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Guide to the Auerhahn Press records, 1959-1967
BANC MSS 71/85 c  
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Collection Details
 
Table of contents What's This?
  • Collection Summary
  • Information for Researchers
  • Brief Company History
  • Scope and Content

  • Collection Summary

    Collection Title: Auerhahn Press Records,
    Date (inclusive): 1959-1967
    Collection Number: BANC MSS 71/85 c
    Creator: Auerhahn Press
    Extent: Number of containers: 8 boxes
    Repository: The Bancroft Library
    Berkeley, California 94720-6000
    Physical Location: For current information on the location of these materials, please consult the Library's online catalog.
    Abstract: Correspondence with contributors, manuscripts, mock-ups, corrected proofs, mailing lists, accounts, and samples of ephemeral printing.
    Languages Represented: English

    Information for Researchers

    Access

    Collection is open for research.

    Publication Rights

    Copyright has not been assigned to The Bancroft Library. All requests for permission to publish or quote from manuscripts must be submitted in writing to the Head of Public Services. Permission for publication is given on behalf of The Bancroft Library as the owner of the physical items and is not intended to include or imply permission of the copyright holder, which must also be obtained by the reader.

    Preferred Citation

    [Identification of item], Auerhahn Press records, BANC MSS 71/85 c, The Bancroft Library, University of California, Berkeley.

    Material Cataloged Separately

    • One portfolio transferred to the book collection of The Bancroft Library (7/78)

    Brief Company History

    Of the beginnings of the Auerhahn Press in San Francisco, famed for its printing of the works of the new young poets, David L. Haselwood in his Deposition says, "During the summer of 1958 I drifted around San Francisco talking endlessly with painters such as Robert LaVigne and Jesse Sharpe and poets Lamantia, McClure, Wieners, and reading all the live poetry and prose I could get my hands on. It was at this time that it occurred to me that the press could mean a great many things ... "From this intense exposure to the active literary scene in the Bay Area grew the desire to see these writers published without the great delays imposed by larger printing establishments.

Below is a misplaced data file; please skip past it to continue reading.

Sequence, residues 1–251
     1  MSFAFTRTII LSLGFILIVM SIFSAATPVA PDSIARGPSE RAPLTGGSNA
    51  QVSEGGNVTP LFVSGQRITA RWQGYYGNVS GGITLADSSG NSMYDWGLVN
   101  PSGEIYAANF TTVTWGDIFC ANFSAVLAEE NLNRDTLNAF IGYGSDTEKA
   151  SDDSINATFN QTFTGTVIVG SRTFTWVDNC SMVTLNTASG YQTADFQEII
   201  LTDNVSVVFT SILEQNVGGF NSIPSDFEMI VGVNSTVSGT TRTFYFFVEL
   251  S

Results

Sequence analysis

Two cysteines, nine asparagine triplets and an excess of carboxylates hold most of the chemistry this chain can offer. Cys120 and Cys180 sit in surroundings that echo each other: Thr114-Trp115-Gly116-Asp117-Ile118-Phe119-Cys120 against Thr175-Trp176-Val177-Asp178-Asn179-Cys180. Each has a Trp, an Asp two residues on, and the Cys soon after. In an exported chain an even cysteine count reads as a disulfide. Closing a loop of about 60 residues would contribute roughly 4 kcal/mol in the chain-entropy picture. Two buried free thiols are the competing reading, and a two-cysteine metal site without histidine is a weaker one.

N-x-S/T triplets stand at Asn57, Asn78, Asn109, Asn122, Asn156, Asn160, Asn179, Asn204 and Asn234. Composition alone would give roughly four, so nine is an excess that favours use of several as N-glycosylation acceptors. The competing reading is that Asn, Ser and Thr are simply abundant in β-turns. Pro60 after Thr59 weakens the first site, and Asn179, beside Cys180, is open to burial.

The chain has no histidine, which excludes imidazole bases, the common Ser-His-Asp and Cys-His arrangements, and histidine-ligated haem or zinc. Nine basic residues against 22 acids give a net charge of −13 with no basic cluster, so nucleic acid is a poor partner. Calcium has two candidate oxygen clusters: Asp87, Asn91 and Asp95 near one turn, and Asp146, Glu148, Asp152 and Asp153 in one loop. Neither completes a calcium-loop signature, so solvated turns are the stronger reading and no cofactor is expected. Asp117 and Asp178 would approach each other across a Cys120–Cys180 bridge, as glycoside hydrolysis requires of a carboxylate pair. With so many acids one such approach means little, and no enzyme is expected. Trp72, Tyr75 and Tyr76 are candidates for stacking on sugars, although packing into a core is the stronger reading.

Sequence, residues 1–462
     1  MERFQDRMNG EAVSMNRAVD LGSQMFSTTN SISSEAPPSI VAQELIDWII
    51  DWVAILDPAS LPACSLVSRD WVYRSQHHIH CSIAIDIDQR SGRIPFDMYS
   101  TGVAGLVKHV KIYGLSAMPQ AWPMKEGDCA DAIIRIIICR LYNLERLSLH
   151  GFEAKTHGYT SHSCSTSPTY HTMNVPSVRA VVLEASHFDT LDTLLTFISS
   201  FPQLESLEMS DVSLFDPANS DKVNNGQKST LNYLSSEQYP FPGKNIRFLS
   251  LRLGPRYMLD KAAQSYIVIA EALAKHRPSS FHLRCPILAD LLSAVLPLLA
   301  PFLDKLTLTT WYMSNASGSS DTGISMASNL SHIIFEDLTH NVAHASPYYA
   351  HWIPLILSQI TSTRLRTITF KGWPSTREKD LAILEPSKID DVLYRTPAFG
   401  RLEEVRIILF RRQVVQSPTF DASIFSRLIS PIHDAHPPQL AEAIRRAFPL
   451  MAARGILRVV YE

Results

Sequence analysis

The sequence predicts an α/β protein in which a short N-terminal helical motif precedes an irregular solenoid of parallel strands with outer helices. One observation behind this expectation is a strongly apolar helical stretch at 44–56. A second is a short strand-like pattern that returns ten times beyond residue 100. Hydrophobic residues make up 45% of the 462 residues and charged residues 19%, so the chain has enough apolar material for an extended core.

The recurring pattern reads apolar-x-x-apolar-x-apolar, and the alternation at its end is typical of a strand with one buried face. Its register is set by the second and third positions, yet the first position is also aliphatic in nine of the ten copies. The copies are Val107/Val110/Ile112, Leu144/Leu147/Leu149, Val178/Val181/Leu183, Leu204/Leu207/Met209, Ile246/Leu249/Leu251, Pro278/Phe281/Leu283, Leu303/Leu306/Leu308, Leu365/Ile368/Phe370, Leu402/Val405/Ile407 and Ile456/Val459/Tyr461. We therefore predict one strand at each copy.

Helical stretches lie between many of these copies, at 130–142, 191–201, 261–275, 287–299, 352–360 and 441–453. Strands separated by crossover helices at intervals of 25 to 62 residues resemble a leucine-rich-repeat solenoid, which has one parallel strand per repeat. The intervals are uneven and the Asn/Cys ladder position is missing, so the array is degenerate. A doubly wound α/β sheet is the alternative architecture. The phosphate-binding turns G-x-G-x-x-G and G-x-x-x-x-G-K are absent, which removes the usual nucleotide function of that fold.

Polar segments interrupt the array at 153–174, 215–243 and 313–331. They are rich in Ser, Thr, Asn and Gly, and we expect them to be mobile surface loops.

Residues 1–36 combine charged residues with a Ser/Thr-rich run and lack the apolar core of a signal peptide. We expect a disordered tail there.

A short while later in 1959 appeared the first publication of the Auerhahn Press, John Wieners' The Hotel Wentley Poems. After this initial experience, in which the actual printing was done by a commercial printer, Haselwood was convinced that he should not only design all future books himself, but also print them. He stated his concept of printing in this manner "The first and final consideration in printing poetry is the poetry itself. If the poems are great they create their own space, the publisher is just a midwife during the final operation . . . " With this ideal in mind, Haselwood tackled the publication of Philip Lamantia's Ekstasis, and went on to the printing of Michael McClure's Hymns to St. Geryon. Though its limited financial resources were drained by this last publication, the press, augmented by Andrew Hoyem, continued its publication of controversial and avant-garde works, such as Lamantia's pamphlet Narcotica, until its dissolution in January 1965, and acquired a reputation for quality of printing and design.

    Scope and Content

    The collection, purchased from Serendipity Books, January 5, 1971, and from Andrew Hoyem, June 7, 1971, contains correspondence from 1959 to 1967 with poets and authors Philip Lamantia, John Wieners, William Burroughs, William Everson, Robert Duncan, Michael McClure, Alan Ginsberg and others manuscripts; illustrations; mock-ups; corrected page proofs; examples of the printed works; and samples of ephemeral printing.